One of the first Italian Queens, Queen Margherita, ate so much of this type of pizza they named it after her. It is also why the Italian Flag is red, white, and green. Red is tomato sauce, white is mozzarella cheese, and green is the basil topping. I can understand why the Queen ate so much of that pizza, it’s delicious!
And that is basically all I have had so far in Italy😂😂 But there are a couple other things that I had no idea about that are very Italian. For example, bruschetta! Bruschetta is lightly salted bread with olive oil and tomatoes on top! It’s soooo gooood…
On Saturday we visited Josie, the Kowalski’s friend and language tutor, and her family! The street that they lived on looked like many of the neighborhoods around here, with a mix of broken concrete and rubble. When we got inside, we learned that the house had been recently remodeled, but the main room was designed to look like the old house that it has been many years ago. The walls looked like many kids had already had their effect on it with nicks and stains all over the place. It was really cool!
Once inside, we were greeted by Josie’s family and a FEAST of food. I thought they were celebrating Jesus’ ascension into heaven (aka Ascension Day), but they were actually celebrating Josie and her mom’s safe return from a 3-week Europe trip. We asked Josie who made the food, and her mom had made it all! Turns out the mom had once been a caterer during part of her career.
Throughout lunch guests kept arriving. Somewhere in the middle of the meal one of Josie’s friends, Pauline, arrived (you will hear of her later).
There were many different foods. There was Nasi Kuning (yellow rice), Nasi Udok (white coconut rice), noodles, and many other assorted foods that were all very tasty! One of my favorites was the beef or chicken (I don’t remember which!) that was decently spicy. Another was the small noodles that were yellow/orange and it was amazing! I think it was called Bihun. I really hope I can find it at home.
The next day, I actually woke up sick, but I’m sure it wasn’t related at all. My stomach hurt and I also felt nauseous, so everyone went to church except me. I basically just stayed at home and slept/read the entire day. I was not happy with this. Miss Rosemarie stayed with me through the day and I was very thankful for that.
The next day I felt a lot better than I used to, so I got out of bed. We basically had a chill day on Monday since I was still recovering, so nothing much here.
IT HAS BEEN OFFICIALLY ONE WEEK ON THE ROAD!!!
I can’t believe that I have gone one week without a continually hot shower! No, seriously, I haven’t had one good hot shower for a whole week. It stinks. I have only had hot water once for fifteen seconds, but it’s not really anyone’s fault. We believe the reasons are that we only have tiny water heaters and that most people who live hear take showers in the evening because you get sweaty during the day.
On Monday, we went on a HUGE walk through town. We went to a store called ACE (just like back home) where they sold a bunch of households fix-its, everything from showerheads to toilets to basketballs. They had a ton of stuff. They even sold POPCORN if you wanted to eat while shopping. At the very front there was this restaurant called Chatime and we had cold tea with tapioca bubbles in it.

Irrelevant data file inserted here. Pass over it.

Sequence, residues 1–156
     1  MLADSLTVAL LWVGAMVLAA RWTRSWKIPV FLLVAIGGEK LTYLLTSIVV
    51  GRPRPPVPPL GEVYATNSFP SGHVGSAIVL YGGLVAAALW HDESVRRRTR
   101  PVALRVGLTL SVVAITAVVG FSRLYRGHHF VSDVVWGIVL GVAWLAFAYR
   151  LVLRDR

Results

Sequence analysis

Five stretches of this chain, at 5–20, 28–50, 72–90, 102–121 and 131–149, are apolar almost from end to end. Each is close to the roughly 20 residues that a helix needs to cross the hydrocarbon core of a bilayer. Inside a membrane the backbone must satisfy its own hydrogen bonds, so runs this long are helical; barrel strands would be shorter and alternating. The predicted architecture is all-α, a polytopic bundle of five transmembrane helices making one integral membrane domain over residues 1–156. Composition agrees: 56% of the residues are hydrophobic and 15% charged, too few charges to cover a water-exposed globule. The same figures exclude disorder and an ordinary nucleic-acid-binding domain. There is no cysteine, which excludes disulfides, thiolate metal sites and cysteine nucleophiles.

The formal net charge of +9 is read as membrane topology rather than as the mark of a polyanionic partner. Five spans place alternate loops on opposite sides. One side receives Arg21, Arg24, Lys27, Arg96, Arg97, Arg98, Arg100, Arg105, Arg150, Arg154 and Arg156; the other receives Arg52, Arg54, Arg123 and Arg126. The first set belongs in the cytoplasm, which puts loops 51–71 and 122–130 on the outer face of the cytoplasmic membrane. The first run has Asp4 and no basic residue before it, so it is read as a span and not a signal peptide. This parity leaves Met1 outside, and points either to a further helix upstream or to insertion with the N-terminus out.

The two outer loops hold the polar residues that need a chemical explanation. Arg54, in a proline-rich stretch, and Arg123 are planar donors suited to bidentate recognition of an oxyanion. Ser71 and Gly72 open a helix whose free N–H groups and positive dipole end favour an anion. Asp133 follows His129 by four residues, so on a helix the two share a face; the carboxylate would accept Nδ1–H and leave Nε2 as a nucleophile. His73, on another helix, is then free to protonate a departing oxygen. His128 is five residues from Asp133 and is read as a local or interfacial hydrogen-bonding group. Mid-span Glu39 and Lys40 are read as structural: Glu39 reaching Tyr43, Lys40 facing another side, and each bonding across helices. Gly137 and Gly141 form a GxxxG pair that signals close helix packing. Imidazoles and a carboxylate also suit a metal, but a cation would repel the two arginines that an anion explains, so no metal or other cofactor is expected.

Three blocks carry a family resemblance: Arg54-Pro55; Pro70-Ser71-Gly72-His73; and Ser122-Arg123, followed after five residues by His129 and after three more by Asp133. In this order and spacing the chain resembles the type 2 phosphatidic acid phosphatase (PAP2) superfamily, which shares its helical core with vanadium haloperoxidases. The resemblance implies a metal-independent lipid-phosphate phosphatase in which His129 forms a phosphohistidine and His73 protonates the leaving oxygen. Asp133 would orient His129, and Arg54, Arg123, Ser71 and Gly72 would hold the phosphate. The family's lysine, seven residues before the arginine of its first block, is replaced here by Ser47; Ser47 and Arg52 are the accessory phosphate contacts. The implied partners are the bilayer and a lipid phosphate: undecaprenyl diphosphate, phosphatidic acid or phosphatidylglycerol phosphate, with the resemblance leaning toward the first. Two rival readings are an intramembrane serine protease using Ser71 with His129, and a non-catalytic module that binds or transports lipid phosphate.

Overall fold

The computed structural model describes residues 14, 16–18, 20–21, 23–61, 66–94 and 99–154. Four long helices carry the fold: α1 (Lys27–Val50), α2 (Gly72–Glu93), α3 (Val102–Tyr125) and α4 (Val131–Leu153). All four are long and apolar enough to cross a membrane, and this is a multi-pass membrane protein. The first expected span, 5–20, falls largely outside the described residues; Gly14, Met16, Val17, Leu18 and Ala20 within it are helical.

We also went to a bunch of other stores and other places, but I don’t remember the names, so 😔. On the way back we took a taxi/taksi and I sat in the front seat since it is proper for a male to sit in the front. It was really exciting since our taksi driver knew how to cope with the traffic here, with the monkeys riding bikes, and the motorcycles weaving in and out of traffic.
I know I’m a week behind, but I’m working on catching up and being more timely.
So, this will be my longest time ever away from home, I mean, more than two whole months! Man, that’s just crazy to think about. We’ll be staying with some friends that are living in Bandung, which is just west of Jakarta, Indonesia’s Capitol. We aren’t just going to stay in Indonesia, we’re going to go to some other countries in Southeast Asia too: Thailand, Vietnam, Cambodia, and Laos on a 25 day tour.
We’ve been planning, preparing, and prepping like crazy! Mainly, all the “P’s.” But, the worst part of the “P’s” is IMMUNIZATIONS. Blugh.💉 I was worrying and dreading and worrying and dreading and worrying and dreading and worrying and dreading! But, when we got to the doctors office, it turns out that for one of the shots, you could trade out for pills! And the other shots that aren’t pills, are only for grown ups! Two of the pills that we take now are typhoid and malaria. So much for that worrying and dreading.
The other thing is food. I’ve got to get used to Indonesian food! In order to get ready, we’ve been having more Asian, and more spicy foods. For example, the other day we had spicy Asian stir fry, which wasn’t a really big deal because I don’t mind heat, I kinda like things spicy! My mom even made our green beans spicy with Sriracha.
We leave soon (May 11th!), so I’ve got to get to packing, I mean, I just packed for two weeks in Japan, now I gotta pack for two months for Southeast Asia.